From the Editors
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Power-sharing is always a messy affair. Under the best of circumstances, striking a balance between competing forces is a perpetual work in progress, with political actors continually vying for control of the driver’s seat. In advanced democracies, the structural checks and balances built into the system limit the powers of each branch and (largely) constrain the contest for control within predefined limits. In countries such as Kuwait, where democratization is an ongoing experiment, these limits themselves remain a subject of contestation that oppositional political forces exploit for often narrow, short-term interests. In fact, the escalating battle to reconstitute the country’s power structures has spilled out of the predefined limits for contestation and entered a new territory of uncertainty—street demonstrations have intensified, confrontations with authority are on the rise, and political groups from across the spectrum are boycotting the upcoming elections. In short, the legitimacy of the existing system has come under threat.
How did the situation reach this point? The heart of the issue revolves around the balance of power between an elected fifty-member assembly and an appointed sixteen-member cabinet, a hybrid political system that is neither fully democratic nor monarchical. Since the establishment of an elected parliament in 1962, Kuwait’s government has been experimenting with a power-sharing system that cedes considerable influence to the public but still maintains control over the executive branch, whose members are also granted automatic membership in the national assembly. The frictions between these two bodies have led to several political crises over the years, including two unconstitutional suspensions of parliament (1976 and 1986) and several constitutional dissolutions, five of which have occurred since 2006.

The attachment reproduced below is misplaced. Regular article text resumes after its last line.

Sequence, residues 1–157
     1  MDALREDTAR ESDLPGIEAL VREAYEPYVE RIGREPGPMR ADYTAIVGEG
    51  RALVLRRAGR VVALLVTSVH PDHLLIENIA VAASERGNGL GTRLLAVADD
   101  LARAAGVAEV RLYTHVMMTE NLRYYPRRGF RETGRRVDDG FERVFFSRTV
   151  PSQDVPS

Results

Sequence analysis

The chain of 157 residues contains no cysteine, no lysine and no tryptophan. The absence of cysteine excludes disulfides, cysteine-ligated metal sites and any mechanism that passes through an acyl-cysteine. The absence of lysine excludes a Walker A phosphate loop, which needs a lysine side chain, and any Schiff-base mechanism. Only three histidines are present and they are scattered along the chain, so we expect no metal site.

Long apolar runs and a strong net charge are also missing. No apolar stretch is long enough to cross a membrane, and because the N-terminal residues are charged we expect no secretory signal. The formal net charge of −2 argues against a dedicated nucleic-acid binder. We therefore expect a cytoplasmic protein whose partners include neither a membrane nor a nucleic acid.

Ballets, Bribes, and Batons
The most recent direct confrontation occurred last Sunday and involved what some have declared to be the largest public protests in the country’s history. Tens of thousands of demonstrators took to the streets in protest of an emergency emiri decree by the government to modify the electoral law and change the number of votes allowed per citizen from four to one. Riot police confronted the protesters, resulting in numerous injuries and arrests.
While the consequences of the modified voting law and its ultimate sustainability remain to be seen, its history is telling. In 1981, Kuwait was officially divided into twenty-five voting districts, which many saw as a gerrymandered system favoring pro-government forces. In 2006, a youth-led movement—largely aided by new media technologies—used popular pressure to force the government to change the law to five districts, with each person casting four votes. Since then, the country has witnessed unprecedented government opposition in the parliament and constant stalemates that have hampered the country’s ability to pass important legislation and reforms.